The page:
Modern-Day Teen Athlete Concussions

ConcussionsNote to readers: I originally wrote this for the high school football season, but I forgot to post it. I figured I could either wait until next fall or post it right after the Superbowl. Because teens are so patient, you can guess what I chose to do. I don’t intend to come across, though, as one of those people who want an end to football. I enjoyed the Superbowl just as much as you.

Thanks to modern medicine, you know that concussions can be a serious issue. For example, concussions can be hard to spell, which could make you look uneducated. And it’s even harder to spell if you are actually concussed, so you’d have a tough time communicating your injury by text. (“i cant go 2 party, have conkushen.” “wats dat? u get a new pet?”).

So, then, while we’re thanking modern medicine for the knowledge of concussions, we should also thank modern technology for spell-check features.

But back to concussions = serious issue. You see, my theory is that concussions are really no more harmful, than, say, getting hit by a falling piano, mostly because getting hit by a falling piano will give you a concussion. Unless it is a cheap electric keyboard, in which case we should again thank modern technology for warning us, in the user’s manual, not to drop keyboard out window.

Now that you understand that concussions are a serious issue, let’s examine who, among teens, going from greatest to least, is most at-risk for concussions (known as the “concussion-prone demographic” for you business professionals out there who aren’t allowed to use monosyllable words if longer words are available, as it says so on your diploma):

  • Football players (on the field)
  • Football players (on the bench)
  • Football players (on the sideline but not on the bench)
  • Football players (in the locker room)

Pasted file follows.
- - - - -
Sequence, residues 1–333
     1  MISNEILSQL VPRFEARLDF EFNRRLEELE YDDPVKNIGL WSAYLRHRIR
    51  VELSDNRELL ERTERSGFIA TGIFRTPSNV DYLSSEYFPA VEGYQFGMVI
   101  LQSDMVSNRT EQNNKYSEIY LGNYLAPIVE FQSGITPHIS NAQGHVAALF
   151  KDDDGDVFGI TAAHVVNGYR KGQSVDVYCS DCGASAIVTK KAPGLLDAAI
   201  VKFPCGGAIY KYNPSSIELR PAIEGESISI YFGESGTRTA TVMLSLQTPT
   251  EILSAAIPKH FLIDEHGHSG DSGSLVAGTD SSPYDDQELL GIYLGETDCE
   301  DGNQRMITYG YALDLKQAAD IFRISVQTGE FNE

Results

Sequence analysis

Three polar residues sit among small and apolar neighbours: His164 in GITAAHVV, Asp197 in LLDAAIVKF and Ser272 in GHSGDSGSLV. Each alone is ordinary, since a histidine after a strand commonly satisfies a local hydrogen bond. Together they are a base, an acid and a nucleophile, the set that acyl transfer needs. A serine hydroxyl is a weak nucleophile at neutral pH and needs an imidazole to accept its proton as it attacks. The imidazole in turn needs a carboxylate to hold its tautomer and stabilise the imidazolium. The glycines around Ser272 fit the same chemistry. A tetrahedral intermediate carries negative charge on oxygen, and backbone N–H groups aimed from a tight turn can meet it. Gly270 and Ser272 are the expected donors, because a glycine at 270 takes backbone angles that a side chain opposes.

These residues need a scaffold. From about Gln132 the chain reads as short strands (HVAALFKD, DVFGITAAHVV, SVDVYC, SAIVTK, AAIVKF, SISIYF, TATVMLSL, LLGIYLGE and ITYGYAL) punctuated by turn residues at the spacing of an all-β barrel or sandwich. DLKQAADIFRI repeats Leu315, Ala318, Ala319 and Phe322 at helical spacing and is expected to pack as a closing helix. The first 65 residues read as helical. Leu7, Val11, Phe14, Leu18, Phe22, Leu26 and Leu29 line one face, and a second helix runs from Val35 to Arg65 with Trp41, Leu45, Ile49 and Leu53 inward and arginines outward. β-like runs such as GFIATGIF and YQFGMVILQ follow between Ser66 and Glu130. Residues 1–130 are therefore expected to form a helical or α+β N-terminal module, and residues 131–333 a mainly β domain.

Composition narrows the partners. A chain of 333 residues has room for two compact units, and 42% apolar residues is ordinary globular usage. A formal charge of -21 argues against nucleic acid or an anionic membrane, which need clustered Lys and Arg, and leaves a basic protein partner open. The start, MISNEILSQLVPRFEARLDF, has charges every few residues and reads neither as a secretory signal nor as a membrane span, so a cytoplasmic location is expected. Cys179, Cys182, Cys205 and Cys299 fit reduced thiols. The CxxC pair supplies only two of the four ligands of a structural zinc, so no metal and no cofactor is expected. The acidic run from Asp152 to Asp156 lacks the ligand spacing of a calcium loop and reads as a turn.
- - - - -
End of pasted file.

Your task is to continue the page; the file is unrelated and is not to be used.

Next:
• Football players (being carted, immobilized, off the field on a golf cart)
  • Other sports’ athletes (on the field/track)

Clearly, a disturbing pattern emerges: if you play football, it is actually better to be carted off immobilized than stay in the locker room. Also, sometimes people in other sports get concussions (like cross country, if you run too close to a low tree branch and you don’t see it and you have a soft skull and people step on you as they pass you). Mostly, though, it looks like football players have the most concussions, which could explain the stereotype that football players get lots of concussions.

So, then, if you do get a concussion, what happens next? Well, first you black out, and if you are two-dimensional, you may also see stars or birds around your head.

Seriously, though, a few things occur. The first is that you visit a doctor who wants to drop a cat on your head, or scare the cat with a scan, or do a cat scan, whatever that is. This tells you if your brain is still inside your head or if it got dislodged and fell down into your small intestine (this has happened to such bright people as Plaxico Burres, Michael Vick, etc. so believe me).

If you are eventually proclaimed healthy to play again (for football players, the estimated recovery time is thirteen minutes or three “You ready to go back in yet?”s from the coach), you also have to re-pass your concussion baseline test.